The available evidence is too ambiguous to clarify whether McKean was a fugitive or refused the Abjuration oath, but it does suggest that he was discovered attempting to conceal himself from Dundas and his dragoons, and was carrying a key component of a firearm.

‘When they had thus despatched this man, the soldiers brought out David Martin to the same place, and after they had turned off his coat, they set him upon his knees beside the mangled body. One of the soldiers dealt with the lieutenant [i.e., Dundas] to spare him till tomorrow, alleging they might get discoveries from him, and stepped in betwixt him and six soldiers who were presenting their pieces. Thus the Lord sometimes makes the earth to help the woman. The lieutenant was prevailed with to spare him, and bring him into the house. However, David, through the fright and terror, lost the use of his reason in a great measure, and fell into a palsy, and continued bed-fast, and much useless for near four years, till his death [in c.1688].’ (Wodrow, History, IV, 241.)

Restoration soldiers did not operate under the strictures of the Geneva Conventions. For other cases where mock executions were used to obtain information, see the Mauchline martyrs and John Brounen.

‘The soldiers [also] beat and wounded terribly two other men who lived hard by, against whom they had nothing, Thomas Abercromby father and son. They [also] beat and abused the women most barbarously, and carried away David Martin, and one of the Abercrombies, prisoners with them to Colmonel next morning, being the Lord’s day [i.e., on Sunday, 1 March].’ (Wodrow, History, IV, 241.)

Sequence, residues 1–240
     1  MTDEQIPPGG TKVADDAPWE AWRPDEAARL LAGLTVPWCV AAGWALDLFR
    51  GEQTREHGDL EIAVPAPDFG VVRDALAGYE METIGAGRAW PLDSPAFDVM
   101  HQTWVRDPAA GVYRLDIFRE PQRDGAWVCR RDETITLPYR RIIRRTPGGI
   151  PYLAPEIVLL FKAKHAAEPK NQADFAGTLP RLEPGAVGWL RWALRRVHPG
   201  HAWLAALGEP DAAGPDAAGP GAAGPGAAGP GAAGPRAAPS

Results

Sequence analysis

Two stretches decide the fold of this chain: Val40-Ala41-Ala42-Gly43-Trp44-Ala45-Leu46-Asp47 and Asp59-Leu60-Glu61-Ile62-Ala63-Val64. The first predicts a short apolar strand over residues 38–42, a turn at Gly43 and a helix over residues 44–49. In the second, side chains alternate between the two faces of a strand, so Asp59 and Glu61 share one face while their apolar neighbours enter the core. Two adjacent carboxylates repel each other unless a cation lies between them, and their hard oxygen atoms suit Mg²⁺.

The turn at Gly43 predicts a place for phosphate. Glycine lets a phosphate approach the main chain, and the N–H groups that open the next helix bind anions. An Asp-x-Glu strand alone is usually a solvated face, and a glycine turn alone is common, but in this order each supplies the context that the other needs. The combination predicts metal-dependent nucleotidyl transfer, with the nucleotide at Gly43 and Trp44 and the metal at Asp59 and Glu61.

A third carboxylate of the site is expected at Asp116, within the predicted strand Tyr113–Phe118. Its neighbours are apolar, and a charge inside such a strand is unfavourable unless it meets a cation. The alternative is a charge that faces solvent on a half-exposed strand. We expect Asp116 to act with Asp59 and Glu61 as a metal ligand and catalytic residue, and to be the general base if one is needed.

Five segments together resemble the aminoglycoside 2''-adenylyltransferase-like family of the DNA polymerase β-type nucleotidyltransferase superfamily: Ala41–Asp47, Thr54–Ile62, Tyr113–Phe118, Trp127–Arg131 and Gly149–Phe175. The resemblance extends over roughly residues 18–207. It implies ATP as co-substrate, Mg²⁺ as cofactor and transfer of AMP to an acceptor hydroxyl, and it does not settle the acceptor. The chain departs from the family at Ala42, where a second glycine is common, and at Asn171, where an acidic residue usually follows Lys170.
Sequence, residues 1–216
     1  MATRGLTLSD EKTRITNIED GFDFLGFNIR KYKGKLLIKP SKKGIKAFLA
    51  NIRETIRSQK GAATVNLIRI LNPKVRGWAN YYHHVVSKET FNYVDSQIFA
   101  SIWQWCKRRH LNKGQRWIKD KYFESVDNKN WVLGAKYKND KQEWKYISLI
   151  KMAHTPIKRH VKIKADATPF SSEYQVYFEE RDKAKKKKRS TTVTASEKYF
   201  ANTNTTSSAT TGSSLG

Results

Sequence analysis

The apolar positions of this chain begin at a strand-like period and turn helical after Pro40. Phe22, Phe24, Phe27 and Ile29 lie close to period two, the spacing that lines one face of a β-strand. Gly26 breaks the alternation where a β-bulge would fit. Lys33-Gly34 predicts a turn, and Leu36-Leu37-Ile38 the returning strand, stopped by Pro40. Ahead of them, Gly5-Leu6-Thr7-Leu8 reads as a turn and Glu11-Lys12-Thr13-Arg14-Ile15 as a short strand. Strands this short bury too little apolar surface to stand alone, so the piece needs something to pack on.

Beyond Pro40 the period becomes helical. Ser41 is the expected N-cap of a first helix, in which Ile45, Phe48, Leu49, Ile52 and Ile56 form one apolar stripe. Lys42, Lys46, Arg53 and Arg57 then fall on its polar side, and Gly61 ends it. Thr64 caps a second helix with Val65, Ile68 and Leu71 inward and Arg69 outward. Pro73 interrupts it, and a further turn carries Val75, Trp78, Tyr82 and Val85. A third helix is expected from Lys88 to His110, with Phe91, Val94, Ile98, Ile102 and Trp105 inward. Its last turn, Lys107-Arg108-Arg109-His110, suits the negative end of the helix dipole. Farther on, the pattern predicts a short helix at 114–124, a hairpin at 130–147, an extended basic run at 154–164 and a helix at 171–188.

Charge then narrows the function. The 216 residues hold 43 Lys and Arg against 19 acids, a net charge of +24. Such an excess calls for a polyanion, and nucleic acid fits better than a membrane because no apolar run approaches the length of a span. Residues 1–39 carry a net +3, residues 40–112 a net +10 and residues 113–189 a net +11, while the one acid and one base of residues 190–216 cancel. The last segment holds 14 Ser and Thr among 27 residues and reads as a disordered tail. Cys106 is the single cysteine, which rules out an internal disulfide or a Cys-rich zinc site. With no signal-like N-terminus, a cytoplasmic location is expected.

There is no record of David Martin in the registers of the privy council, but the elder Thomas Abercrombie was taken to Edinburgh, imprisoned in the tolbooth and sentenced to banishment in the American plantations. On 31 July, 1685, Abercrombie’s banishment was delayed on the grounds of his ‘old’ age and at around the same time the privy council ‘allowes Thomas Abercrombie from Carrick to consider on the oath of allegiance’. (RPCS, XI, 129, 330.)

Abercrombie took the oath and was ordered to be liberated on 22 October, 1685:

‘The saids Lords haveing called and examined Thomas Abercrombie, prisoner in the tolbooth of Edinburgh, and haveing owned the King [i.e., James VII] and his authority and prayed for him and acknowledged they ryseing at Bothwellbridge and all such rysings to be rebellion against the King and a sin befor God, and there being nothing informed against him, the saids Lords, in respect of his povertie and old age, doe hereby grant ordor and warrant for his libertie, he haveing found caution under the penalty of five hundred merks [or £333 Scots] to compear when called and in the meantyme he shall live regularly and orderly.’ (RPCS, XI, 204.)

Thomas Abercrombie may not have survived long after the order for his release. (Thomas Abercrombie, ‘Account, of 1711, by daughters, Anna, Grizel and son Thomas, of the murder their father in 1685’, NLS MSS. Wod.Qu.XXXVII, f. 250.)

For the role of Dundas in the killing of John Semple, see here.

Text © Copyright Dr Mark Jardine. All Rights Reserved.

~ by drmarkjardine on April 21, 2012.

5 Responses to “Cornet Dundas and the Killing of Edward McKean in Carrick”

  1. […] Shooting of John Semple As noted in the post on Edward McKean, the some of the sources mistakenly attributed Semple’s death to the fictional Cornet James […]

  2. […] Mowat and McWhae, and the responsibility of Cornet James Dundas for the killings of John Semple and Edward McKean, I argued that historical errors had been made in the transmission of the information about their […]

  3. […] of the troop under Cornet James Dundas were garrisoned at Blairquhan in Straiton parish in Carrick. Dundas executed Edward McKean in February, 1685 and John […]

  4. […] January, 1685, it was the scene of the killings at Caldons. The Edward McKean summarily executed in Carrick in 1685 was probably from the […]

  5. […] tells the story of Edward McKean’s killing at Dalwyne in, February, 1685, but he also has a second story about the same farm in the same time period which he leaves the […]